FIG. 6 is a diagram showing the manner in which the pipetting tube passes through the recess of the cleaner.
In FIG. 1, a sample disc 11 and a reaction table 51 are adapted to rotate intermittently. Sample cups 1 arranged on the sample disc 11 are sequentially set to a sample introduction position. A plurality of reaction cases 5 disposed on the reaction table 51 are also positioned at a sample delivery position sequentially. The reaction table 51 is provided, therearound, with a sampling mechanism 31, a first reagent supplier 53, an agitator 54, a second reagent supplier 55, a multi-wavelength spectrophotometer 60 and a reaction case cleaner 56. In the reaction cases, the sample reacts with the reagent, and the resulting liquid is measured optically by the multi-wavelength spectrophotometer 60. The reaction case or reaction cell 5 located in the light path is radiated with light from a light source 61, and the transmitted light is dispersed at a concave grating 62, so that a multiplicity of monochromatic light are received at a detector 63. The signal associated with one of the required analysis items is converted into a digital signal by an analog-digital converter 65 through a log converter 64, followed by the concentration calculation of the particular analysis item at a control unit 100.
The sampling mechanism 31 is adapted to rotate or vertically drive a sampling arm 3. A pair of pipetting tubes are suspended from the sampling arm 3 and communicate with the syringe mechanism in a pipetter 32. The pipetting tube cleaner 4 is connected through a cleaning water introduction tube 10 to a pump 41. This pump 41 supplies the cleaning water from a rinse water tank 42 to the cleaner 4 whenever required.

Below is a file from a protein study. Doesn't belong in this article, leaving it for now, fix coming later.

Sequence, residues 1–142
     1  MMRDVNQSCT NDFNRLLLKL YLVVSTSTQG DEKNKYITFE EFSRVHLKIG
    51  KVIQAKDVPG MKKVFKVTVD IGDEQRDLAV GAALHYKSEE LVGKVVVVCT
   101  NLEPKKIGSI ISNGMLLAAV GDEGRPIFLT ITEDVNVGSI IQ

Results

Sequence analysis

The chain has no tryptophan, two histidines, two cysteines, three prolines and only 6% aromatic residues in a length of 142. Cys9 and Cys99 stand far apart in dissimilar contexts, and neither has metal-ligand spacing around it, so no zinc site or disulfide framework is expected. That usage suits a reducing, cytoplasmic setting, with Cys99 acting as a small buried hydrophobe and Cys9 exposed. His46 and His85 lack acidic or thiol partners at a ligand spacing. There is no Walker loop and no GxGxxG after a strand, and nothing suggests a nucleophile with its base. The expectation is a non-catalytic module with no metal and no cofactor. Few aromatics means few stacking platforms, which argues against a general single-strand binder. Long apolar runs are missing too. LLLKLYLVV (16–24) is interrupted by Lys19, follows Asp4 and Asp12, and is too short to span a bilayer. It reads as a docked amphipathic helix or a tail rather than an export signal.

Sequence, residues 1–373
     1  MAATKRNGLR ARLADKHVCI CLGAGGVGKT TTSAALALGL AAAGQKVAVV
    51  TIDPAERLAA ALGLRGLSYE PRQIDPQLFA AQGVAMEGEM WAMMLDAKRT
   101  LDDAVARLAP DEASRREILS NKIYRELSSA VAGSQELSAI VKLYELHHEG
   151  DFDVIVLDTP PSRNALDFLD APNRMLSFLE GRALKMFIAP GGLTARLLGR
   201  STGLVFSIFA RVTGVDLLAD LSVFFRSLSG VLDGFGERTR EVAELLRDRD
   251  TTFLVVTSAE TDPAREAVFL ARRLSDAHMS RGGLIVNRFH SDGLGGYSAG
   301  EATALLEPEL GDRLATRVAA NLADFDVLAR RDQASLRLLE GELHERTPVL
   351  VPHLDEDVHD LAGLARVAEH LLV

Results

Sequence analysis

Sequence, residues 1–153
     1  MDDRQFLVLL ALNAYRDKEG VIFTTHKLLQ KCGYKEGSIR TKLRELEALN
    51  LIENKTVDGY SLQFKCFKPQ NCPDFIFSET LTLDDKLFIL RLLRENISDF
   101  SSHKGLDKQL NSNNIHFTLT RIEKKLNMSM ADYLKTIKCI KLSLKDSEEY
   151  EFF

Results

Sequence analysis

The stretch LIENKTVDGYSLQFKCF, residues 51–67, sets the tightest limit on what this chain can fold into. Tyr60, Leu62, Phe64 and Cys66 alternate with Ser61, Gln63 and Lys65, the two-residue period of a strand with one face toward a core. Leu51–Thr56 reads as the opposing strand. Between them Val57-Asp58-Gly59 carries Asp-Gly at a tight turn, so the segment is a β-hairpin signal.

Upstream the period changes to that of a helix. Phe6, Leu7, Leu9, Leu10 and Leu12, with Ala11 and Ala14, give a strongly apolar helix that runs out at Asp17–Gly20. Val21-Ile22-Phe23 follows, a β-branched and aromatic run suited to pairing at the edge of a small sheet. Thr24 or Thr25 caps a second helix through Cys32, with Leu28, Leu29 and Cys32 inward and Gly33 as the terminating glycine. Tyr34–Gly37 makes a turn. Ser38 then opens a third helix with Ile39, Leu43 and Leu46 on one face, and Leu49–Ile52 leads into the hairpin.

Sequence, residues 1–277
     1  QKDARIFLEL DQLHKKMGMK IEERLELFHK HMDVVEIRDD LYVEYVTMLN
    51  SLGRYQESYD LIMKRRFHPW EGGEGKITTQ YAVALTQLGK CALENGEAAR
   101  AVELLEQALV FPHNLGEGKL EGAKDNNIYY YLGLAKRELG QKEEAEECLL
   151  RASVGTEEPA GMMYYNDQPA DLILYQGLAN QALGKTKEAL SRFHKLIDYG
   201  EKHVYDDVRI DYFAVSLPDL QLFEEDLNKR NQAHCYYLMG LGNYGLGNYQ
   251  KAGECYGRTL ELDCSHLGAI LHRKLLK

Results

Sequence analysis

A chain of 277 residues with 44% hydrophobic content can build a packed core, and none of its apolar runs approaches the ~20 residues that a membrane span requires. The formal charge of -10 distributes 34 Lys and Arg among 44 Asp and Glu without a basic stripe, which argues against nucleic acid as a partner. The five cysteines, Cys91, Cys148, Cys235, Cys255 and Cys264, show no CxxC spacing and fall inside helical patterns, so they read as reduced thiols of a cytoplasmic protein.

As seen from FIGS. 4 to 6, the cleaner or wash vessel 4 is connected with the cleaning water introduction pipe 10 by a connector 8. The cleaner 4 has a V-shaped opening 45 which is wider upward along the path of the pipetting tube 2. As shown in FIGS. 3 and 6, the pipetting tube 2 is passed through the inside of the V-shaped opening 45. While the pipetting tube 2 passes through the cleaner 4, the cleaning water is supplied to the opening 45 from the pump 41 to form a pile of cleaning water 9. It is seen from FIGS. 2 and 3 that a cleaning water receiver 7 is provided under the cleaner 4. The cleaning water, when supplied in great amount to the cleaner 4, overflows from the cleaner 4. This water overflow is received at the receiver 7 and is discharged through a drain 71. The operation of the sampling mechanism 31, the pipetter 22 and the pump 41 are controlled by the control unit 100.